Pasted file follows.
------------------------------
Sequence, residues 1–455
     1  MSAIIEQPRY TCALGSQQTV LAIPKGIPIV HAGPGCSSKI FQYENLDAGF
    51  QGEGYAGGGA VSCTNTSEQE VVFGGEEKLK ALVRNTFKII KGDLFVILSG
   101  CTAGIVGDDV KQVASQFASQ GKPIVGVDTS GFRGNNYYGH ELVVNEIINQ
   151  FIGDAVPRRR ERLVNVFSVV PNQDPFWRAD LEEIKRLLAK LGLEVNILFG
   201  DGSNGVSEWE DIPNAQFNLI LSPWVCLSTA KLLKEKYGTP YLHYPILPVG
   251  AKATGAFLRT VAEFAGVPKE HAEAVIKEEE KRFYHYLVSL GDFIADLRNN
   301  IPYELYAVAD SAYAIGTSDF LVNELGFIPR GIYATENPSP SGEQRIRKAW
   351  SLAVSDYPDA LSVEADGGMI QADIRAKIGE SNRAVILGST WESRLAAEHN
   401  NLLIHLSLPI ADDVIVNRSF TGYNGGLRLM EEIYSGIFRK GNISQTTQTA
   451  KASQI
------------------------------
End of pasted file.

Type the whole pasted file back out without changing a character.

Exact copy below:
Sequence, residues 1–455
     1  MSAIIEQPRY TCALGSQQTV LAIPKGIPIV HAGPGCSSKI FQYENLDAGF
    51  QGEGYAGGGA VSCTNTSEQE VVFGGEEKLK ALVRNTFKII KGDLFVILSG
   101  CTAGIVGDDV KQVASQFASQ GKPIVGVDTS GFRGNNYYGH ELVVNEIINQ
   151  FIGDAVPRRR ERLVNVFSVV PNQDPFWRAD LEEIKRLLAK LGLEVNILFG
   201  DGSNGVSEWE DIPNAQFNLI LSPWVCLSTA KLLKEKYGTP YLHYPILPVG
   251  AKATGAFLRT VAEFAGVPKE HAEAVIKEEE KRFYHYLVSL GDFIADLRNN
   301  IPYELYAVAD SAYAIGTSDF LVNELGFIPR GIYATENPSP SGEQRIRKAW
   351  SLAVSDYPDA LSVEADGGMI QADIRAKIGE SNRAVILGST WESRLAAEHN
   401  NLLIHLSLPI ADDVIVNRSF TGYNGGLRLM EEIYSGIFRK GNISQTTQTA
   451  KASQI